The Surprisingly Simple Trick to Getting Your Loved Ones to Talk about Family History
Every year on January 1, millions of people around the world vow they will start journaling and documenting their life. Hundreds of people also commit to asking their loved ones about their lives and family histories. In fact, journaling is one of the most common New Year’s Resolutions. But by March, most people have given up on journaling and asking their loved ones about their lives. Does this struggle sound familiar to you? Why do so many of us commit to documenting our lives, and our family history, yet drop the ball? Because it’s hard. Life gets in the way. But hang in there –we’re about to share the surprisingly simple trick to getting your loved ones to talk about family history.
Imagine this scenario: you sit down eagerly on the morning of January 1, 2018 to write in your new Moleskin notebook. A cup of hot tea or coffee sits beside your pen. You’re full of ideas, memories and family history to jot down. Up until this moment, words have been swirling through your head; you can’t wait to put pen to paper and start leaving your legacy behind. But just as you’re about to start, you hit a mental wall. You find yourself staring at the blank page and it feels more like a black hole. All of those ideas you were excited to share seem mixed up, or lost. Writing is hard. Really hard.
When I faced this problem in my own life, I made a new resolution: make it easier for folks to capture their stories.
That’s how my company, Pass It Down, was born. As we got to work building Pass it Down, I was deeply committed to helping solve the problem of documenting life stories. My team and I were determined to make it easier for individuals and families to preserve their history. Knowing how to tell your own stories – let alone how to capture a relative’s story – is a daunting process.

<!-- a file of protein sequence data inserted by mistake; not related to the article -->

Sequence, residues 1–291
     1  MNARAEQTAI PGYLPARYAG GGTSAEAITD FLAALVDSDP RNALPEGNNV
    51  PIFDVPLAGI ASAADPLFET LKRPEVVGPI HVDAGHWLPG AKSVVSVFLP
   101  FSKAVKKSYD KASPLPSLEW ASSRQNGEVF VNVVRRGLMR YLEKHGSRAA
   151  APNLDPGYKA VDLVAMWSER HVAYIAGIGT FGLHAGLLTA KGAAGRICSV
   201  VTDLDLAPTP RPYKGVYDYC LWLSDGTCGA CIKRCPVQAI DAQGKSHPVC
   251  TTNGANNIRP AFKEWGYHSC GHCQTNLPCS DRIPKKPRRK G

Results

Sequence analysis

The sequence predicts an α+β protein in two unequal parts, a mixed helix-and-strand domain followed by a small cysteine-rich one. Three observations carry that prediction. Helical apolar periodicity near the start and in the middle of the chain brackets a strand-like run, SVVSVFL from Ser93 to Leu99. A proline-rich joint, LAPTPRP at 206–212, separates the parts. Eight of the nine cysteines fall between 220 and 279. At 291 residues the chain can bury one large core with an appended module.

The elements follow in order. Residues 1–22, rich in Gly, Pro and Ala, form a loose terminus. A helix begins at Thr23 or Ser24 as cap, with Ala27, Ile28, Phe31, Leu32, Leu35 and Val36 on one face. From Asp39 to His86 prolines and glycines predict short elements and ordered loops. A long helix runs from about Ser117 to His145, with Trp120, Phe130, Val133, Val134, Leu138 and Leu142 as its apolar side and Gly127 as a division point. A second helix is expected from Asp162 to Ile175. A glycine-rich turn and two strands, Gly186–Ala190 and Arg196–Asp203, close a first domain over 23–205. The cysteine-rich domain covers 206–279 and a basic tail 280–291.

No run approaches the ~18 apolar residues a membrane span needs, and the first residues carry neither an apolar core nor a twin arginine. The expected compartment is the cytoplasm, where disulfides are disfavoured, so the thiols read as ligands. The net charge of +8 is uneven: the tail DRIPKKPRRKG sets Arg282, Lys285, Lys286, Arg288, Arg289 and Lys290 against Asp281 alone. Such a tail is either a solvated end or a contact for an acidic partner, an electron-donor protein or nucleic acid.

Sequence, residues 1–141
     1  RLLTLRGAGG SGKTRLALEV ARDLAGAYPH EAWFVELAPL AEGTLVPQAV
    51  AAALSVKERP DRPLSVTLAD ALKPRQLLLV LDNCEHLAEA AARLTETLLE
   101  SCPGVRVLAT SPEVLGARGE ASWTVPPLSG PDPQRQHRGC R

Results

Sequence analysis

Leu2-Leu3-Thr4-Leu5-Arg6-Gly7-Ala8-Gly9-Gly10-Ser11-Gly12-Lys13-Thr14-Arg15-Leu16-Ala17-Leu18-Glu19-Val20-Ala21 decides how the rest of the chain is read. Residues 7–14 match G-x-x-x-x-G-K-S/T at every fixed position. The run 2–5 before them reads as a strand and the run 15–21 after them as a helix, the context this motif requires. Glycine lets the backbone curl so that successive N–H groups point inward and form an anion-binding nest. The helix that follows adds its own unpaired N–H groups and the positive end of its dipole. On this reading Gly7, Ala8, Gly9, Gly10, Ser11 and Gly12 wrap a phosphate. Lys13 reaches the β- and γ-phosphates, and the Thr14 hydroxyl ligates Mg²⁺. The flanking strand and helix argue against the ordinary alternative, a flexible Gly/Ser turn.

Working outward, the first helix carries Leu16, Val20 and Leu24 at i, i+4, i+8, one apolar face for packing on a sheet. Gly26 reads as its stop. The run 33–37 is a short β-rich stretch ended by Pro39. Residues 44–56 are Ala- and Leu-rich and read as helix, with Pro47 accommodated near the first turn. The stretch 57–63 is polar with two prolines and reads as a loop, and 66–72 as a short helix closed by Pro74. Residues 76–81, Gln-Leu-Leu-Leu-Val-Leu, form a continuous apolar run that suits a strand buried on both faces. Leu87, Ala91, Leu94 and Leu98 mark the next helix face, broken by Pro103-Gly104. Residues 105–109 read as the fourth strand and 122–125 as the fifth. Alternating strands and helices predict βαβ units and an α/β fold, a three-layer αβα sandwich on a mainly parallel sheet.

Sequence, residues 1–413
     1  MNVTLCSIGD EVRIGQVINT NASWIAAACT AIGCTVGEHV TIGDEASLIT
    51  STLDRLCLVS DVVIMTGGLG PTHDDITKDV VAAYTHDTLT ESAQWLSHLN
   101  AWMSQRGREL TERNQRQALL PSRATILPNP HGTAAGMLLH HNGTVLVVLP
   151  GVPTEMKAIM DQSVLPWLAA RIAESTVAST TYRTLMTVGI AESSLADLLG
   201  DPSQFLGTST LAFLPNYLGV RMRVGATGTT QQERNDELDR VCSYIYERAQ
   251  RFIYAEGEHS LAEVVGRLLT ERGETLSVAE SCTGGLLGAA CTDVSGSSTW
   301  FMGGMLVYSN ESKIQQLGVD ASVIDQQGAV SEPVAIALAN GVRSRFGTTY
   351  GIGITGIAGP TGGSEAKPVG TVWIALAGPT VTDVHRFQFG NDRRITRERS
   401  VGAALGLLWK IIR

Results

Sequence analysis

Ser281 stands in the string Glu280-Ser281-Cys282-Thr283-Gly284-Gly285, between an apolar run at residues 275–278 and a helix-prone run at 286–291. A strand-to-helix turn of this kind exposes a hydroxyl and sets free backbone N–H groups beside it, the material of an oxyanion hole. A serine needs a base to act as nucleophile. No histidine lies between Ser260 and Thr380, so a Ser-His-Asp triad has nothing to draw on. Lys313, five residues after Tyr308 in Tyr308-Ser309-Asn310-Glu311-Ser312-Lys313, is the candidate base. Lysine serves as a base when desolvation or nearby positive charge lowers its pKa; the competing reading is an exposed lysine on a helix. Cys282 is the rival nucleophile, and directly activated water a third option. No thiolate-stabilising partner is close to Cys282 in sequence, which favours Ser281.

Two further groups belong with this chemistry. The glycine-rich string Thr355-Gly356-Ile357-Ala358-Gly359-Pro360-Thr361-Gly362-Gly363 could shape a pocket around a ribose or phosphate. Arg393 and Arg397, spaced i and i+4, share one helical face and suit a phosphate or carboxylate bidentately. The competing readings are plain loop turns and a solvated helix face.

So how do we make it easy to tell stories and journal? By asking great questions!
The secret to journaling is to do it one question and subject at a time. If I were to ask you, “How would you describe your childhood home? What did it look like? What did it smell like?,” a flood of memories would likely rush back. You’d probably write and write until your hand began to ache. Simple, to-the-point questions help you to remember rather than create. Questions break the ice and get storytelling started. That’s why they are so critical to helping you tell your own story, and get your loved ones to share their stories.
My great grandfather always used to say, “Your worst ink pen is better than your clearest memory.” And he was right. It’s important to write about our lives because every day, our memories get a little fuzzier and a little less clear. Our brains are remarkable, but they do fill up like a hard drive. Details are some of the things we tend to throw out to make room for new memories.
I realized if I didn’t start talking to my relatives, asking questions, thinking back to my own beginnings, there would come a time when those people wouldn’t be around to help me look back and remember. –Jacqueline Woodson
If you’re ready to start writing your life story and your family history, we invite you to check out Pass It Down. Reach out to us; we want to help you make your family history projects more fun. Pass It Down has been built upon hundreds of writing prompts, created by some of the world’s top biographers. Above all, we have designed our service to always give you fresh ideas to talk about. Here’s a set of simple questions to get you started today.
About the author: Christopher Cummings is the founder of Pass It Down, an award-winning digital storytelling platform launching in 2017, that makes it easy to capture and preserve your family memories. Pass It Down finished as one of the six most innovative startups in the nation, out of 15,000 companies, in 2016 in Miller Lite’s Tap The Future contest judged by Daymond John.
Christopher is renowned for his public speaking and is a six-time collegiate state champion in public speaking and debate, a national champion speaker and winner of over 100 speaking competitions. He received his JD from the Paul M. Hebert LSU Law Center and has clerked for numerous judges, including, the honorable Chief Justice Johnson of the Louisiana Supreme Court. He received a double BA in Political Science and International Relations from Louisiana State University.